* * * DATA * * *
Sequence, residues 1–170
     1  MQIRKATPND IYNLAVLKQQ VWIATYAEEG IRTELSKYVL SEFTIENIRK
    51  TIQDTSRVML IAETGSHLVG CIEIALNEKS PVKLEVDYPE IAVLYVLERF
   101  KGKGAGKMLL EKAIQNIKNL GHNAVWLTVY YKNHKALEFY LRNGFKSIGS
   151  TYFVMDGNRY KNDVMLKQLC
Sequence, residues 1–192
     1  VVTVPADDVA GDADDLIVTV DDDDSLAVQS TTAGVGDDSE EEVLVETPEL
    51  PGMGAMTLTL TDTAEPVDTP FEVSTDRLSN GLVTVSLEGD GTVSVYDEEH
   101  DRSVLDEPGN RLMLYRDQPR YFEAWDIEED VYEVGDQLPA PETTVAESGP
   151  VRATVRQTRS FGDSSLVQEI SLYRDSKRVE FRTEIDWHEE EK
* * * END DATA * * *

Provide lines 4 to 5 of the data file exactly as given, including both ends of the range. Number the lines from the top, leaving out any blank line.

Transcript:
   101  KGKGAGKMLL EKAIQNIKNL GHNAVWLTVY YKNHKALEFY LRNGFKSIGS
   151  TYFVMDGNRY KNDVMLKQLC